Great suffering makes theologians out of us all. The questions people ask about God in Sunday school rarely measure up to the questions we ask while we are in the hospital. It is true for those stuck in a hospital bed and those stuck in the waiting room. To love someone who is suffering is to learn what real pain is and to discover a depth of life that is unfathomable when everything is going well. Why me? Why now? Why this?
These are expected questions to ask when you are in pain, but they are just as relevant when you are in pleasure. Who deserves the way a hot shower feels at the end of a hard day’s work? Who deserves the fragrance of a loved one, hugging you when you arrive home from a long trip? Who deserves that incredi ble smile when your daughter passes her drivers test? To hold your sleeping child in your arms can teach you more about life than any book on the subject or preacher ever could. To drive through west Texas and see the vast dark sky with thousands of twinkling stars draws you into the overwhelming presence of God that you cannot find indoors.
The daily walk of Christ on the earth teaches us to walk the same way. Just as Christ put on flesh and lived among us, we are to put on Christ and live among men also. Why else did Jesus spend his last night on earth teaching his disciples to wash feet and share supper? With all the abstract truths in the universe at his disposal, he did not give them something to think about together when He was gone. Instead, he gave them concrete things to do—specific ways of being together in their bodies and as a body that would go on teaching them what they needed to know when He was no longer physically present to teach them.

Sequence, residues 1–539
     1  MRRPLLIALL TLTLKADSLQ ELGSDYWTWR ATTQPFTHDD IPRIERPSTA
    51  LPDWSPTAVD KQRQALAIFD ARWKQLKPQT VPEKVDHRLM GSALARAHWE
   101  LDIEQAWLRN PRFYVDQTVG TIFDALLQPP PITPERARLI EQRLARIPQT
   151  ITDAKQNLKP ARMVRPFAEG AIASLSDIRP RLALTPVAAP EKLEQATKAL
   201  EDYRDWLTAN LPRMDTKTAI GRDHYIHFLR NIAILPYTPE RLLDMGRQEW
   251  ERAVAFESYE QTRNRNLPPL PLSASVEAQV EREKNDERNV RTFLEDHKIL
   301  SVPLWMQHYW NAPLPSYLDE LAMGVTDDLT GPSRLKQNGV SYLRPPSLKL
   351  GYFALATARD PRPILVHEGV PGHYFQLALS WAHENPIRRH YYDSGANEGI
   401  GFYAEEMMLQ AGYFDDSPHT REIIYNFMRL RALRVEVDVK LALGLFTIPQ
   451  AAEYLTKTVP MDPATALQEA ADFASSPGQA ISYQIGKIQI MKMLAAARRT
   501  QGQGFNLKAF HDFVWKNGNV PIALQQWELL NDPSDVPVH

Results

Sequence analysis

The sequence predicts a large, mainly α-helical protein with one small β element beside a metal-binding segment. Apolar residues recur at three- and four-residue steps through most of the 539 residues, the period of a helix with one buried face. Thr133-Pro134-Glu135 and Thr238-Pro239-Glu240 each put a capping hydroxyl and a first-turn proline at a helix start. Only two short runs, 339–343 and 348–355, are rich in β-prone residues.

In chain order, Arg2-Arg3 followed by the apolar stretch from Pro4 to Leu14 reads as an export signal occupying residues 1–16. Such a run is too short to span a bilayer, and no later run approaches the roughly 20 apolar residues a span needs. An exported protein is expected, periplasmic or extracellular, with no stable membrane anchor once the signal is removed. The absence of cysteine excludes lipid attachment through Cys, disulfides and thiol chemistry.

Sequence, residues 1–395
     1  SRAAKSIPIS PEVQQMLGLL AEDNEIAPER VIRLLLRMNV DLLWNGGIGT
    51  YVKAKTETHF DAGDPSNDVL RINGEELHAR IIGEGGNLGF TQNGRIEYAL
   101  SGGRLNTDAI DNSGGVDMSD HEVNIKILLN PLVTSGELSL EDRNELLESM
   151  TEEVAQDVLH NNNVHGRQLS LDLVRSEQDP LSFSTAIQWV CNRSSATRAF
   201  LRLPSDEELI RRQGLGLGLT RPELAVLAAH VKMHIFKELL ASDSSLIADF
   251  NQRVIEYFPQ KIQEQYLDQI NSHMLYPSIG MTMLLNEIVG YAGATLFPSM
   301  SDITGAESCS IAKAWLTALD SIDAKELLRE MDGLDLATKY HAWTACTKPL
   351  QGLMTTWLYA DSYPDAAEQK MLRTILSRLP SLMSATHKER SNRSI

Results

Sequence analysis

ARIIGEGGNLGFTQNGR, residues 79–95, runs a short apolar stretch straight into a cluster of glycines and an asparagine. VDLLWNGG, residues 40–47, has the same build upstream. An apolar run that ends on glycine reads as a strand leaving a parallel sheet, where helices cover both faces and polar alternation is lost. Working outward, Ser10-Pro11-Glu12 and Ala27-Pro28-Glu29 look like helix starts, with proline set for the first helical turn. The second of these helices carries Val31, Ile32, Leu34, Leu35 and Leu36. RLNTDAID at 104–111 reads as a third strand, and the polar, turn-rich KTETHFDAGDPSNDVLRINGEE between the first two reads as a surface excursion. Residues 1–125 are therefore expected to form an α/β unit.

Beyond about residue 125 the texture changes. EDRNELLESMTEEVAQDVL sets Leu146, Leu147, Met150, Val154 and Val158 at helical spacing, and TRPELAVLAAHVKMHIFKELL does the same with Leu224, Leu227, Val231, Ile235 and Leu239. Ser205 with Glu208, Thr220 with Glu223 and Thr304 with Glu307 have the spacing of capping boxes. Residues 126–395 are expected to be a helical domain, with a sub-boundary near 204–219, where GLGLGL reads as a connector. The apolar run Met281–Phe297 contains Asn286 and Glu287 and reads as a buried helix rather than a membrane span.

After He was gone, they would still have God’s Word, but that Word was going to need some new flesh. The disciples were going to need something alive and close-by that they could hang around with on a regular basis, something so earthy that they would not be able to intellectualize it. So Jesus gave them things they could get their hands on, things that would require them to get close enough to touch one another. In the case of the meal, he gave them things they could smell and taste and swallow. In the case of the feet, he gave them things to wash that were dangling from human beings, so that they would have to bend down and touch them and be drawn into one another’s lives.
Many Bible commentaries tell you that the foot washing in John’s Gospel is an eschatological sign of Jesus’ descent into flesh before his exaltation to God’s right hand, or a symbolic representation of first century baptismal theology. But after years of watching babies born, people grow old, bodies recovered after terrorist attack, bodies brought home from the battlefield, and bodies covered by sheets on the nightly news most of us could use a reminder that God comes to us not beyond the flesh but in the flesh.
He calls us to serve one another and to bear burdens for one another and to sup with one another “Do this,” he said—not believe this but do this—“in remembrance of me.”
Duke ethicist Stanley Hauerwas says this about Christianity “It is not a set of beliefs or doctrines one believes in order to be a Christian, but rather Christianity is to have one’s body shaped, one’s habits determined, in such a way that the worship of God is unavoidable.”
When I hear people talk about what is wrong with the church, and why churches are failing, I hear about bad music, inept clergy, mean congregations and obsession with maintaining the status quo. I almost never hear about the intellectualization of faith, which I believe is a greater danger than anything else on their list. In an age where we are drowning in information that flows from a wide range of sources, we have more information, writings, reflections, devotionals, and Biblical commentaries than ever before. It is unlikely that many of us need more information about God. We all need our lives to reflect the Word of God.
During this time leading up to Resurrection Sunday, rather than giving up something, add something to your life. At this season in the Christian calendar, many focus on a goal of giving something up in their lives. It seems that we should add to our lives and focus on the goal that God gave us. We are to wear the flesh that God gave us into the world that He placed us in and be the boldest, most loving, forgiving, humble truth that your neighbors, co-workers and classmates have ever encountered. We are to be the living representation of the gospel.
Take time to be Christ-like and not just think about Christ. He is not a subject to be studied; He is a sovereign to follow and a friend to love.
-- Pastor ClintShare on Twitter Share on Facebook